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Title: Reading comprehension processes and strategies in L1 and L2 in Malaysian primary and secondary schools
Author: Sheikh-Ahmad, Ismail
ISNI:       0000 0004 2685 1524
Awarding Body: University of Nottingham
Current Institution: University of Nottingham
Date of Award: 1997
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This study is set in the context of the acknowledged debate, highlighted by the work of Lunzer and Gardner's Schools Council project (1979), concerning the theoretical issue of whether reading comprehension is a unitary competence or consists of identifiable discrete subskills. This long- standing polarised theoretical debate can be traced as far back as the sixties and seventies in the position taken by reading experts such as Spache and Spache (1969), Davis (1971) and Thorndike (1973). Spache and Spache and Thorndike concluded that reading comprehension was a unitary competence, not consisting of separate skills that can be practised in isolation. On the other hand, Davis viewed reading comprehension as composed of separate identifiable skills and abilities. The polarised arguments pose a question as to the nature of reading comprehension. Is there such a thing as discrete reading comprehension sub-skills that can be built up hierarchically and can promote the understanding of texts? With the question in mind this study set out to test whether reading comprehension is a unitary competence of sub-skills or one that can be broken down into separate sub-skills. The research involved the rigorous testing of a series of reading comprehension tests in two languages using four texts taken from the work of Lunzer and Gardner (1979). The texts were modified to suit the socio-cultural context of the students. All of the chosen texts were translated into Bahasa (L1) which is the mother-tongue of the students. In principle, the focus of the study in Part I is centred on replicating the work of Lunzer and Gardner (1979) in some selected Malaysian primary and secondary schools. It seeks to understand whether the main hypothesis holds that reading comprehension is unitary in nature and cannot be broken down into a number of distinct subskills. A selected 300 primary school pupils aged 12 were required to read and answer four comprehension tests written in L1. Another selected 150 secondary school students aged 15 were required to perform the same tasks on material written in L2. Each test has about 30 comprehension questions which are divided into eight categories of subskills. The two groups produced a total of 1,636 valid comprehension tests which were marked rigorously. Factor analysing the data yielded a number of important findings concerning whether reading comprehension subskills are unitary or hierarchic in nature. These findings may suggest some recommendations for improving reading for learning across the Malaysian primary and secondary schools curriculum. In Part I the outlined five chapters discuss the background information which led to the testing of the 450 students, the related literature review, the chosen research design and analysis, the findings and the research implications for the Part II study. The study reported in Part II is an extension of the work done in Part I, in that the remaining five chapters explore the justification of conducting the indepth interviews, the review of the related literature, the design of the interview, the findings and the educational implications of the study. This part explores the reading comprehension strategies that were used by the students in answering the comprehension questions. The second study was successfully made during the summer of 1994. A total of 16 students aged 15 were selected from several secondary schools in Johor Bahru, the capital state of Johor, Malaysia … … The thesis ends with a discussion of the implications from both studies especially for the reading curriculum, instruction, pedagogy, classroom practice and future research.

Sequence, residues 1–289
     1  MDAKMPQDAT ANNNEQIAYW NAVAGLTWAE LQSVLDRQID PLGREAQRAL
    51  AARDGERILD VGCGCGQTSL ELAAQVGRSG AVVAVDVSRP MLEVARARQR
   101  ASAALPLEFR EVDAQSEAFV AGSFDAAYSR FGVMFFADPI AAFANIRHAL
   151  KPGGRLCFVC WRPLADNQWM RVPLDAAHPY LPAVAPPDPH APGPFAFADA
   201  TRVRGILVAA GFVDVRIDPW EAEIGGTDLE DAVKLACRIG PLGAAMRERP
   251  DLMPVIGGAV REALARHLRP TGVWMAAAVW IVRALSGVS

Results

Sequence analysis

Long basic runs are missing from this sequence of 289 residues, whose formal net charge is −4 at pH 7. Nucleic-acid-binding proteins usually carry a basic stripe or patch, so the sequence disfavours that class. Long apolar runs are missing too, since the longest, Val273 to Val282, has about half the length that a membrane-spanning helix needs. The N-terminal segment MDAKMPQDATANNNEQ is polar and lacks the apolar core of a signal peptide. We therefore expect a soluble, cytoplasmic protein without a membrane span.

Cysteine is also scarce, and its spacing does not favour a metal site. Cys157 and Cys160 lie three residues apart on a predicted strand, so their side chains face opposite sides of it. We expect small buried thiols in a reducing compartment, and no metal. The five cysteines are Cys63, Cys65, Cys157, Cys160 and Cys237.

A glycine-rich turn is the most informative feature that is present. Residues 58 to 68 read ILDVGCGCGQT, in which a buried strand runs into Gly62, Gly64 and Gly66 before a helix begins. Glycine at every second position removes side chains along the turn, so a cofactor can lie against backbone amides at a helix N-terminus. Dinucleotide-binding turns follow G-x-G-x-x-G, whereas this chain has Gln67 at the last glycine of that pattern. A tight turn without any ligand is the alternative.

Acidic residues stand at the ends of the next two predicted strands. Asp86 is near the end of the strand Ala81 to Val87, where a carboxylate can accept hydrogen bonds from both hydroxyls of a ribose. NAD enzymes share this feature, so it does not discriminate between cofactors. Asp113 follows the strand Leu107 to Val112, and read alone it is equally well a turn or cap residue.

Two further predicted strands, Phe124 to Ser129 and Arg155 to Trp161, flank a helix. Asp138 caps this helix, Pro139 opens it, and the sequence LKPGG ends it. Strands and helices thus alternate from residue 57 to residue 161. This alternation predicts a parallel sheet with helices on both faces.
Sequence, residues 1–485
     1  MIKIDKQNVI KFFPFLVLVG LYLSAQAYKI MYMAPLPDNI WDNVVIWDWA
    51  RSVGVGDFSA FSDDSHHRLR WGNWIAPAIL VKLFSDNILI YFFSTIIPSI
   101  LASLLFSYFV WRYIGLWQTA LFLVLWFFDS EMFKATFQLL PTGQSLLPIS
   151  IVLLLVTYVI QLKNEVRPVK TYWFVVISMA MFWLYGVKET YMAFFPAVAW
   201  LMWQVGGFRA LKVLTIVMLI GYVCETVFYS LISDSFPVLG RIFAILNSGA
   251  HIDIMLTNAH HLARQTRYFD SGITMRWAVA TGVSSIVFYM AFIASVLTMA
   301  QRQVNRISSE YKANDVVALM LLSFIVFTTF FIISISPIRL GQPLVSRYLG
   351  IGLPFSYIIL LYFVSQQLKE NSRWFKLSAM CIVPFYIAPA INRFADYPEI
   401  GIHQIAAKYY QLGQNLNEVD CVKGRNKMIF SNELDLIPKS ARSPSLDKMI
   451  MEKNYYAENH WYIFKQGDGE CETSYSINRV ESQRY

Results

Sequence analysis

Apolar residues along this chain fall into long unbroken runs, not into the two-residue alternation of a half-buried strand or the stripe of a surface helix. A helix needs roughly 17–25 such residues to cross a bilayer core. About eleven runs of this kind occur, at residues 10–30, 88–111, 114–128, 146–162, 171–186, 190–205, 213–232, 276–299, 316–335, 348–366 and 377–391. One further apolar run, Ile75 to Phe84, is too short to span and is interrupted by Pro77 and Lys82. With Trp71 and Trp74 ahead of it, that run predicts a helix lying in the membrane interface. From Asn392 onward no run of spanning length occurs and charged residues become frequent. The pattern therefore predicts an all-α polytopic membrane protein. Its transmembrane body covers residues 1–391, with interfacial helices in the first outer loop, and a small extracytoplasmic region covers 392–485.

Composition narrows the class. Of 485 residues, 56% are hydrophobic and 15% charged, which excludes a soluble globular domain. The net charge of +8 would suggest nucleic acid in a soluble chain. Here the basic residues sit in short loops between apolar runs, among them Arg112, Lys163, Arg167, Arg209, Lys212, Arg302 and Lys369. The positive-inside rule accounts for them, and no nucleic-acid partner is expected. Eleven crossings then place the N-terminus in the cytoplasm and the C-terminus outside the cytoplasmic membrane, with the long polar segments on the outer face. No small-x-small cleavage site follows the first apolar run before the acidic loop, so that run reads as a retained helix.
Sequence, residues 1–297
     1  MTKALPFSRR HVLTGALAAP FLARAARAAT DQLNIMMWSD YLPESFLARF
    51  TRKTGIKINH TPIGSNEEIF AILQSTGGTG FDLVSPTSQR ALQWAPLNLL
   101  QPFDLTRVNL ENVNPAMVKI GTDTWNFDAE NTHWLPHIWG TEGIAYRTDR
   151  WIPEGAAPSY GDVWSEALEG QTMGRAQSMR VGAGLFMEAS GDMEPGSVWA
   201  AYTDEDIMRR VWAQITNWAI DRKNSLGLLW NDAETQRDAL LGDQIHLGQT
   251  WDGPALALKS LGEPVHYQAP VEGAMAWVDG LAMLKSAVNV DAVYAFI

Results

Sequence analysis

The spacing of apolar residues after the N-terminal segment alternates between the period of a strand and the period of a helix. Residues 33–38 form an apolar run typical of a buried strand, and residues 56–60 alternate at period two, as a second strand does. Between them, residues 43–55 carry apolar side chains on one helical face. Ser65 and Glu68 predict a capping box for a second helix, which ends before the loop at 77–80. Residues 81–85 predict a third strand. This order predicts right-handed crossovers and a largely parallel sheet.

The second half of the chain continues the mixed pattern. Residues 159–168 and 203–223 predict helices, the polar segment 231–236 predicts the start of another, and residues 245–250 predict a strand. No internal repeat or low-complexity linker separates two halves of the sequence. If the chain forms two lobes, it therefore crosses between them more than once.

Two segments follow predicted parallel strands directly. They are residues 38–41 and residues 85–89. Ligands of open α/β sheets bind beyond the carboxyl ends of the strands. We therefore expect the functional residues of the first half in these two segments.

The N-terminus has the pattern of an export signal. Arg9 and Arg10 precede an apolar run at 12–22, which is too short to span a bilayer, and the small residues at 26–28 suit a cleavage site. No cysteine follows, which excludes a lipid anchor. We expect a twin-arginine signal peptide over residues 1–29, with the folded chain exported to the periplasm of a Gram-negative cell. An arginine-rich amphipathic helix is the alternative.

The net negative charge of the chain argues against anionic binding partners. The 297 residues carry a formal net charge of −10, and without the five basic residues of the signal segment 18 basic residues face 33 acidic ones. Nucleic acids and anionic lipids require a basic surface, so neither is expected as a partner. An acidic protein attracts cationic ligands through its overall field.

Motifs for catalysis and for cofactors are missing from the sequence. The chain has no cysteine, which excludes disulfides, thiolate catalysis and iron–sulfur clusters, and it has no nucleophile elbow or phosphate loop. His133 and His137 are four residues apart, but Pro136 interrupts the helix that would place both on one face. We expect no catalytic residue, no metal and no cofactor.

Supervisor: Not available Sponsor: Not available
Qualification Name: Thesis (Ph.D.) Qualification Level: Doctoral
EThOS ID:  DOI: Not available
Keywords: LB1050 Educational psychology